A Taste of Place: 6 Traditional Oaxacan Recipes

The Oaxaca region is rich in culture, diverse topography, and fertile agricultural land. Teotitlán del Valle is a small weaving village outside of Oaxaca City, world famous for its artisanal rugs and natural wool products. Its weavers are internationally recognized masters. Their carpets, or tapetes, are hand-loomed from naturally dyed wool using local materials and methods that have been developed over hundreds of years or longer.

The town also boasts numerous artisans who specialize in elaborate candle-making. Their sculptural, museum-quality candles and wax flowers are found throughout the churches of the valleys.

The Teotitlán region is also renowned for its unique, flavorful cuisine. Many of the traditional dishes of the region require fresh ingredients that have been used throughout Oaxaca since pre-Hispanic times.

A group of Zapotec women who belong to a Women’s Weaving Cooperative, Vida Nueva in Teotitlan, generously shared with students of the UVM Semester in Oaxaca* the following six recipes, from mouth-watering Tamale Frijoles to the delectable Salsa Verde.

6 Oaxacan Recipes you can Try at Home

Tamale Chepil
25 servings


  • 8 corn husks
  • 3 c. water
  • 2 lbs. Masa or 2 lbs. dried maize (masa mix)
  • ½ lb. Asiento (lard)
  • ¼ c. fresh or dried chepil (herb)
  • 1 ½ t. salt or to taste


  1. Cover corn husks in water and soak for 15-30 minutes.
  2. Separate husks into individual leaves and rinse using fresh water. Put corn husks aside.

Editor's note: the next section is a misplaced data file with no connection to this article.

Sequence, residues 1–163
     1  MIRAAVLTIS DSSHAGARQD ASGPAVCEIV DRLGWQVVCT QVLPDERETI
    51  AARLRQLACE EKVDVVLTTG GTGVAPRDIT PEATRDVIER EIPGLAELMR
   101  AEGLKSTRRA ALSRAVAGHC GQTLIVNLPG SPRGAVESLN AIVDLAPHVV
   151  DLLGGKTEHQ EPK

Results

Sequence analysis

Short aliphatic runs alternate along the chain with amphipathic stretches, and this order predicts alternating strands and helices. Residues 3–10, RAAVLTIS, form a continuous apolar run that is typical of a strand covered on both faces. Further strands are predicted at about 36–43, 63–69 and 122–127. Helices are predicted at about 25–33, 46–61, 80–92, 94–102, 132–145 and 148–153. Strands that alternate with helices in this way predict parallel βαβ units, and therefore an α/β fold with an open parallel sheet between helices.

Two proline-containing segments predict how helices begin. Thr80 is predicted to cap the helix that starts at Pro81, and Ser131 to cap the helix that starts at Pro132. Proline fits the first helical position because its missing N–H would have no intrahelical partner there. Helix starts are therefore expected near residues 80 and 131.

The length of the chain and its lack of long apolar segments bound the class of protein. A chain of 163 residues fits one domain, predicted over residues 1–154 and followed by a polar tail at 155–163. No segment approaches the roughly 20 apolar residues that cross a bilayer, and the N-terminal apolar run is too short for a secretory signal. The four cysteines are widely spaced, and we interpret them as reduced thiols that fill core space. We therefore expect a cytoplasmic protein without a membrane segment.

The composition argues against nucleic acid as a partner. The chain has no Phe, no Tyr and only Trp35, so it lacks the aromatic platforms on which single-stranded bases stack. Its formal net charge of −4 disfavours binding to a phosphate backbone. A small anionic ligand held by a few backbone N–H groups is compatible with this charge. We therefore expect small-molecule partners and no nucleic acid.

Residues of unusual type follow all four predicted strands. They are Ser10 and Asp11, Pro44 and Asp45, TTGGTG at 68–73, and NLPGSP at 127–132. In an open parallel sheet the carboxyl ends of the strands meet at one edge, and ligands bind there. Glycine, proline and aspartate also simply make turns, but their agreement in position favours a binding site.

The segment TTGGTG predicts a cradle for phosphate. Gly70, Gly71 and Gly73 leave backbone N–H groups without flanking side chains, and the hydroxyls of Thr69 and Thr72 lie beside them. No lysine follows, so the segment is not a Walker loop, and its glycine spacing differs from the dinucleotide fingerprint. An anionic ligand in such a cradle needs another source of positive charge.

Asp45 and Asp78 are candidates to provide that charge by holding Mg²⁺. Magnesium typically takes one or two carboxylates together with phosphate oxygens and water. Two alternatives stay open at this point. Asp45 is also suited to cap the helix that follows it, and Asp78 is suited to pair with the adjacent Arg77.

3. Then stir asiento into the masa. Slowly add water into mixture until the consistency looks like cottage cheese (it is possible that not all water will be used.)
  4. Add chepil and using your hands scrape the wall of the bowl with a scooping motion and press down in the center. Spread mixture into bottom half of corn husk.
  5. Fold right side of the husk in over the mixture and then the left side in on top of the right. Then fold the top down.
  6. Place finished tamales fold side down on a steamer for 40 minutes.

Mole Rojo


  • 1.5 cups prepared black mole paste
  • 4 cups chicken broth
  • 4 t lard
  • 3 roasted tomatoes
  • 3 garlic cloves
  • 3 whole cloves
  • 1 t cumin
  • 4 avocado leaves
  • 8 mulato chiles
  • 8 pasilla mexicano chiles
  • 2 cinnamon sticks
  • 4 t sesame seeds


  1. Clean the dried chilies with a damp cloth. Open the chilies by making a lengthwise slit down one side of each. Take out the seeds, veins and stems.
  2. Heat 3 t of the lard in a saucepan, and then lightly fry the chilies in it.
  3. In another pan, heat the remaining lard and sauté the raisins in it until they puff up and brown a bit. Add sesame seeds and lightly brown.
  4. Roast until browned the tomatoes, onion and garlic on a cast iron frying pan without fat.
  5. Place the spices, tomato mixture, chicken broth, mole paste, chiles, and avocado leaves into the blender. Blend until smooth. Heat entire mixture in large saucepan over low/medium heat until thickened.
  6. Place in bowl. Season with salt to taste. Serve on cooked rice.

Tamale Frijoles
25 servings


  • 50 avocado leaves